“Even as an outsider I can see that you have much to sort out.”
Antoinette May’s The Determined Heart turns out to be an enlightening look at the woman behind one of the most enduring classics of all time. It’s a fascinating, compelling, conflict-filled read with a dynamic prose style that flits between the curious and the mundane. A story about a very intense marriage, The Determined Heart chronicles the unconventional acts of two revolutionary spirits.
The novel opens in October 1801. Mary and her sister Fanny
live in Number 29, the Polygon in a modest yet comfortable home. They share a sense of closeness solidified by a portrait of their deceased mother that hangs in their father’s study. William Godwin adored his late wife, though we quickly learn of another woman: Jane Clairemont, the ugly goose lady, who is about to become the girl’s new mother. Jane brings with her two children, Charlie and Clara, along with new rules, servants, and changes in William that make Mary question her place in his heart. Their life as a family is so capably described that this early part of the book is irresistible.
William Godwin has many acquaintances that come and go at various times. While he is an astute political philosopher, his venture into the business of publishing proves to be questionable. The business fails to turn a profit, and William is badly in need of an investor.
A wealthy admirer, Percy Bysshe Shelley, arrives as a person who is in a position to save the fledgling publishing company.
Bysshe Shelley’s good looks and poetic talent impress both Fanny and Mary. He becomes a regular visitor pleased to meet the famous Mr. Godwin. Bysshe longs to reform the world, to free it from social tyranny by replacing it with atheism and the rights of women. Despite being married, Bysshe is attracted to Mary, and he is everything Mary admires: an intellectual, a radical, and an activist. She believes that someday he will be recognized for his great works. Mary convinces herself that Bysshe’s wife, Harriet, does not understand him, and the two lovers conspire to run away together. On the night they are to make their escape, Claire discovers their secret and insists on going with them.
So onward the three of them go. Bysshe, Mary, and Claire head for Dover, where they board a ship to sail to France. But this is not a happy story. At its heart is Mary’s secret suffering as Claire begins to become a nuisance who receives the attentions of Percy. It turns out that Claire, too, seeks to find a man with whom she can build a life.
Antoinette May, who also works as a travel writer, doles out the journeys of Bysshe, Mary, and Claire in delicate arrangement, recounting Mary’s feelings to carefully make her reality visible to us. As the book pushes forward, Mary’s success with her novel is offset by her many losses, her effort to connect with her father, and the numerous friends, elders, and acquaintances who desperately try to help her.
May’s prose is always crisp, as when the book conjures the thunderstorms that frequented to Villa Diodati. The book maintains a balanced proportion of description and dialogue, giving the reader an accurate understanding of the realities Mary faces. The thunderstorms that keep Mary awake most of the night fuel her imagination as well as her desire to write a story equal to anything Bysshe or Byron could produce.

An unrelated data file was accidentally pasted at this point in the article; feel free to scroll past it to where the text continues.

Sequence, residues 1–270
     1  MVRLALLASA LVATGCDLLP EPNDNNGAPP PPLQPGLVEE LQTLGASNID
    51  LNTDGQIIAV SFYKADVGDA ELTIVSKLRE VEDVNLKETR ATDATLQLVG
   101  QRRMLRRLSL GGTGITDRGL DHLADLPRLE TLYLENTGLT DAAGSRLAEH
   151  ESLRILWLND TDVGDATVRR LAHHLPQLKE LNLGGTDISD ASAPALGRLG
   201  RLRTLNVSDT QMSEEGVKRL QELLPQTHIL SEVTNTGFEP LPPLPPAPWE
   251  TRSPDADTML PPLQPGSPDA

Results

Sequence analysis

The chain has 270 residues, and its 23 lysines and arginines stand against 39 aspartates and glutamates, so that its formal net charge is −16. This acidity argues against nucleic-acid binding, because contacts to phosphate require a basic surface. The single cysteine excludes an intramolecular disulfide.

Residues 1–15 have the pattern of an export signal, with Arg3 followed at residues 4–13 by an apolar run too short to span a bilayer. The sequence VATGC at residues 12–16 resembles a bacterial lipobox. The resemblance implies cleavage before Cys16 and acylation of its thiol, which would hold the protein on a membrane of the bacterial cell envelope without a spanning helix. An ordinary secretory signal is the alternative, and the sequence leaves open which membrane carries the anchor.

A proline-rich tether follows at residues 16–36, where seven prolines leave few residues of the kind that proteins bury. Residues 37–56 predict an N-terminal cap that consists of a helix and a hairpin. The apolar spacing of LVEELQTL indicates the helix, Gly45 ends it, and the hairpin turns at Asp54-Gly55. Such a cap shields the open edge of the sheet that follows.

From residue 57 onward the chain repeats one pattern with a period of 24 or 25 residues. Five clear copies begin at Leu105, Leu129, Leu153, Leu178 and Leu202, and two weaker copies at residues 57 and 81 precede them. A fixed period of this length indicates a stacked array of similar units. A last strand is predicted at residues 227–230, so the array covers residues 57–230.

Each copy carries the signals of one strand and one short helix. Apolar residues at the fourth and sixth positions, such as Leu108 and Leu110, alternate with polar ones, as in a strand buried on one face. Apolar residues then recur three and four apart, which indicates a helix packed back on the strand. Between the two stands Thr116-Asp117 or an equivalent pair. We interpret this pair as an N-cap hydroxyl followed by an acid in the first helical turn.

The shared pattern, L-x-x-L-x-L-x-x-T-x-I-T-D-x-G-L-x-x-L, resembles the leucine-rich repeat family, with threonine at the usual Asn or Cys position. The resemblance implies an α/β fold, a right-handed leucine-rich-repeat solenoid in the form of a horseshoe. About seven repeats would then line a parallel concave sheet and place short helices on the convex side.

A jagged flash of the most intense light was followed by an immense cackling sound. Outside, crashing reverberations rolled down the mountainsides and onto the lake echoes reinforcing echoes. What if electricity--this lightning crackling across the sky-could create a life force? Mary wondered aloud. There was no answer from Bysshe. He had slept through it all.
Mary and Bysshe get a long way through life based on passion and defiance. Their love for each other exists as a romantic legacy with Mary as the eternally devoted wife. The daughter of Mary Wollstonecraft endured obsession, betrayal, and the tragic loss of three children in her lifetime. She wrote novels and travel articles even as she struggled to support her son Percy. The pirate Edward Trelawny proves to be a kind and loyal friend to Mary, easing her through one of the most difficulty times in her life when Bysshe perishes at sea. The two of them might have found happiness in Italy, enjoying a security Mary had never known. If Trelawny has
a hard time understanding why Mary returns to London, readers may wonder the same thing. Mary adores Italy, the sun, the flowers, it’s easy way of life. Five years of living there provide her with many happy memories. But when a letter arrives from her father telling her of how Bysshe was trounced in the press, Mary can only conclude that she must dedicate herself to seeing to it that Bysshe’s poetry is published, to be made available to those beyond their small group of friends.
The Determined Heart eventually comes full circle. The author’s note ties up any loose ends, explaining how Mary and Claire survived after Bysshe’s death and what adventures Trelawny pursued after leaving Italy. May is strong in detailing the dark places in Mary Shelley’s life and where she manages to find herself content. The novel is a compelling account of people spiraling through turbulent times.